Sugar Beet Harvest Gets Going AgainThe Red River Valley’s sugar beet crop is the odd man out in this season of early planted, early harvested crops, with digging actually behind normal schedules.
By: Stephen J. Lee, Grand Forks Herald
The Red River Valley’s sugar beet crop is the odd man out in this season of early planted, early harvested crops, with digging actually behind normal schedules.
After a week or more of little or no lifting action in beet fields because of wet conditions, harvest and hauling began again Thursday.
Although this year started out early and fast, and the preliminary “pre-pile” part of the harvest was started earlier than ever before, snow and rains this month have frustrated the process, said Jeff Schweitzer, spokesman for American Crystal Sugar Co.
“The harvest was about 81 percent complete this morning,” he said Thursday afternoon, meaning little progress has happened for about a week. The five-year average pace is more like 90 percent complete by this point. “All the receiving stations we still have up are open today but they are getting very limited deliveries at this point. The sporadic rains have limited harvest activities.”
While Crystal’s Moorhead district has seen less rain and is 96-percent completed, the Drayton, N.D., district got socked with up to a foot of snow, then rains and still has a third of its beets in the field, Schweitzer said. The East Grand Forks, Crookston and Hillsboro, N.D., factory districts all have 12 to 20 percent of the crop left.
Sugar content of the beets is well above the long-term average of 17.5 percent, running between 18 and 19 percent. Yields also are above the five-year average of 23.5 tons per acre, averaging 26 tons per acre, Schweitzer said.
The Moorhead-based cooperative told its growers on Tuesday they could harvest all 434,000 acres planted. Earlier, as in most recent seasons, the co-op told growers they might have to leave some acres because the five factories couldn’t process the whole crop, as per-acre yields have steadily increased.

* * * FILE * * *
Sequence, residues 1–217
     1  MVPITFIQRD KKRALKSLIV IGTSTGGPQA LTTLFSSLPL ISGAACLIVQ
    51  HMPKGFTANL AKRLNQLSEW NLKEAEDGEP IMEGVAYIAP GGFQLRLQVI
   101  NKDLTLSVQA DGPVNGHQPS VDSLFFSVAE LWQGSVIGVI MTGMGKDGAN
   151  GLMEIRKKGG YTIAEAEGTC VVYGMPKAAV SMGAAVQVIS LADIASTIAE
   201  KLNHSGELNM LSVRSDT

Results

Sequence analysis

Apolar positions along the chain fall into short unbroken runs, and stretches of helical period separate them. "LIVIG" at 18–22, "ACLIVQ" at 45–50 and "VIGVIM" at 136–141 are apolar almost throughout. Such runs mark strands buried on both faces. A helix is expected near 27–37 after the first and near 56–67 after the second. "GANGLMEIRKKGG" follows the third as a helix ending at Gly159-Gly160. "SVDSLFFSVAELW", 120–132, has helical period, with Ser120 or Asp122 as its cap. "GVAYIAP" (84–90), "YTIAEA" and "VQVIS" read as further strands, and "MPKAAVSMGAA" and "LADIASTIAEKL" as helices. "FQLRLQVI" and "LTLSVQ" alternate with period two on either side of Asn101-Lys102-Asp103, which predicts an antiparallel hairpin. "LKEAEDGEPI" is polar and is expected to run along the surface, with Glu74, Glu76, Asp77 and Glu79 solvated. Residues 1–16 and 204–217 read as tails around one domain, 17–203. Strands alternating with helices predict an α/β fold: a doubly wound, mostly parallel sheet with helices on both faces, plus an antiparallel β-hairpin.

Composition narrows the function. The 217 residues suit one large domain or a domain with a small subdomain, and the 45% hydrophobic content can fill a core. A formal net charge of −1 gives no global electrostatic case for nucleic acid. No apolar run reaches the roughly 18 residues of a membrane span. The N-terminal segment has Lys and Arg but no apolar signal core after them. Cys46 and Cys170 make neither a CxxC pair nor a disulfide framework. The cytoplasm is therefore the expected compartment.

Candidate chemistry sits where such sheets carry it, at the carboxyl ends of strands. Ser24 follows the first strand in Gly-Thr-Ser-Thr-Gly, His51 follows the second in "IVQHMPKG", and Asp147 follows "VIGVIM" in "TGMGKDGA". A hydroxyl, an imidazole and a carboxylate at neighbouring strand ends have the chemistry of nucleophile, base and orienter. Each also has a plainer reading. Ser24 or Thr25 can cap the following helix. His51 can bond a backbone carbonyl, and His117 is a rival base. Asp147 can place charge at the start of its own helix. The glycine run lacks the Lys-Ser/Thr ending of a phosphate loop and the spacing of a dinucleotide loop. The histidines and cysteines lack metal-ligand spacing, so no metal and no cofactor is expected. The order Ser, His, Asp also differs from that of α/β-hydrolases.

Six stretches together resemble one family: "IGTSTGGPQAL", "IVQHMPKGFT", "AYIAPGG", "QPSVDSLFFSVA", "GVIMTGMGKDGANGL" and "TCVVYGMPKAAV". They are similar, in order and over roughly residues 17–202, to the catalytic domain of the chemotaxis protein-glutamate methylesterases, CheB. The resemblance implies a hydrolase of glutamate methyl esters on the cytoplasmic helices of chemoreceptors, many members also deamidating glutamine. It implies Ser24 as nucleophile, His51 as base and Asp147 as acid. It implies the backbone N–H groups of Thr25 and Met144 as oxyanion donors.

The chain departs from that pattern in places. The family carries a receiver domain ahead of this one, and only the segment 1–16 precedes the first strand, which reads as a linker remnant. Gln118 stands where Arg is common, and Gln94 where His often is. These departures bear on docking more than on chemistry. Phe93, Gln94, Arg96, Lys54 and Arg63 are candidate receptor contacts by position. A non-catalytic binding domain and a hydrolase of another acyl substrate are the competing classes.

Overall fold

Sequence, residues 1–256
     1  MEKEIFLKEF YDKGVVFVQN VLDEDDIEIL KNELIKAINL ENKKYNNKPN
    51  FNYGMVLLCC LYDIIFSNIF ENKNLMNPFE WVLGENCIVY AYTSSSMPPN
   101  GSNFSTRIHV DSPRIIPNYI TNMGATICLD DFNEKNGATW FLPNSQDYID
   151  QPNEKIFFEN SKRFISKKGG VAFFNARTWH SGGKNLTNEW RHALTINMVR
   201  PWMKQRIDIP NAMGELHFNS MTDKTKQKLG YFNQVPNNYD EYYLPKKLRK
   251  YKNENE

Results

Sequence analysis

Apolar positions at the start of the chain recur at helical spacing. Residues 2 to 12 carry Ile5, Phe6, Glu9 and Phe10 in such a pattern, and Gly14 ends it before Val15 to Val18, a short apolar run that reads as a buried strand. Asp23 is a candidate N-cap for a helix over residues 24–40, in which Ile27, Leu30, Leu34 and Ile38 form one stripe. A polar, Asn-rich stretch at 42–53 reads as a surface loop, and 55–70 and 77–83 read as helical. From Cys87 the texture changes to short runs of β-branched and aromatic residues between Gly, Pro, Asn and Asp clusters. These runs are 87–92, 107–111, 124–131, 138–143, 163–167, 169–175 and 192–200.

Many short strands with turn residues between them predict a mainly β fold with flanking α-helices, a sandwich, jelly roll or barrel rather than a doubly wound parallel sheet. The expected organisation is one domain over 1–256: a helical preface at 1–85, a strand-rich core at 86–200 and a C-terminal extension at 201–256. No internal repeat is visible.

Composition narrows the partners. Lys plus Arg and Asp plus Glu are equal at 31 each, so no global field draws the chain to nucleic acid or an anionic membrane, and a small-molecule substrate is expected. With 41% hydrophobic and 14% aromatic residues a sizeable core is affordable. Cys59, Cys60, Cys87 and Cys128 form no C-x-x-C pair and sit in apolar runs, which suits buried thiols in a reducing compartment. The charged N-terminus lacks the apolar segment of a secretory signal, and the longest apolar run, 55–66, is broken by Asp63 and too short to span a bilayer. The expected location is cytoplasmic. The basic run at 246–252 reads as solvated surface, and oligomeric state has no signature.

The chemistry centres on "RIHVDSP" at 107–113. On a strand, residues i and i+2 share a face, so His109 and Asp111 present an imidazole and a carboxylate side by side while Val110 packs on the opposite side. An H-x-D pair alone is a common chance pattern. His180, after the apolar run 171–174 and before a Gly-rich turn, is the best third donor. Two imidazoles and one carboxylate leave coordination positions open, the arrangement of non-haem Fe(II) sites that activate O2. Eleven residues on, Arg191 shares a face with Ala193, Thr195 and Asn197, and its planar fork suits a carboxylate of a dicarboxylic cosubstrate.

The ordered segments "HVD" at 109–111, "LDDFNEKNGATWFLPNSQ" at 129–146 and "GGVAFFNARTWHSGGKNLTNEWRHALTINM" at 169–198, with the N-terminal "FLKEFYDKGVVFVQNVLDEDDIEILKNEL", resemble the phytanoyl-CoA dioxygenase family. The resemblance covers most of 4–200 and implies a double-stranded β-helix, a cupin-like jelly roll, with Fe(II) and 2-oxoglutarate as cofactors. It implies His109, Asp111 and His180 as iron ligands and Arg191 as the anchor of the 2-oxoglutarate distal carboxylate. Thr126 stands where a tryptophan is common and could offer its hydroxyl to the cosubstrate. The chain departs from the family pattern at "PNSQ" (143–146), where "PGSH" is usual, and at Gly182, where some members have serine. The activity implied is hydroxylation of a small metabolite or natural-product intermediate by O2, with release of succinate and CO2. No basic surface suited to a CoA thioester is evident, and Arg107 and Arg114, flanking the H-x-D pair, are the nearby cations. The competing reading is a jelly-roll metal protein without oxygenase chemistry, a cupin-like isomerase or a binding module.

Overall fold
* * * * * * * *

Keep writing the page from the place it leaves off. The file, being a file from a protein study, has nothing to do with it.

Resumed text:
One concern now, with temperatures forecasted to fall into the low 20s at night and lots of wet fields, is possible frost damage to the beets in the ground, Schweitzer said. Plus, it’s more difficult in such wet conditions to bring the beets in clean enough to store well in the huge piles, he said.
Minn-Dak Growers, the smaller beet processing company based in Wahpeton, N.D., is nearer to the finish and has mentioned to its members that Crystal growers are interested in any help in the way of equipment and labor.
As of Sunday, the weekly crop progress survey by the U.S. Department of Agriculture pegged the beet harvest at 81 percent complete, behind the five-year average of 86 percent by the same date in North Dakota. In Minnesota, the beet harvest was 88 percent complete, ahead of the five-year average of 81 percent.
Otherwise, every other crop in the region has remained way ahead of the normal pace of harvest.
Corn in Minnesota was 96 percent combined by Sunday, far ahead of the 43 percent in a typical year. In North Dakota, 91 percent was harvested, compared with 29 percent in a typical year.
North Dakota’s sunflower harvest was 76 percent complete, well ahead of the normal pace of 23 percent by the same date. In Minnesota, the sunflower harvest is about over, with 96 percent harvested, ahead of the normal pace of 47 percent.
Minnesota’s potato harvest was complete while only 6 percent of North Dakota’s spud acres remained undug, in line with the five-year average.
Region still dry
Despite above-average rainfall so far in October and the general cool, dampness the past week that has been such a change from this year’s warm, dry weather, the Grand Forks area remains at a deficit of 3 inches of precipitation for the year, according to the National Weather Service office on UND’s campus.
Fargo still is 7 inches below normal precipitation for the year despite receiving 2 inches of rain this month through Wednesday.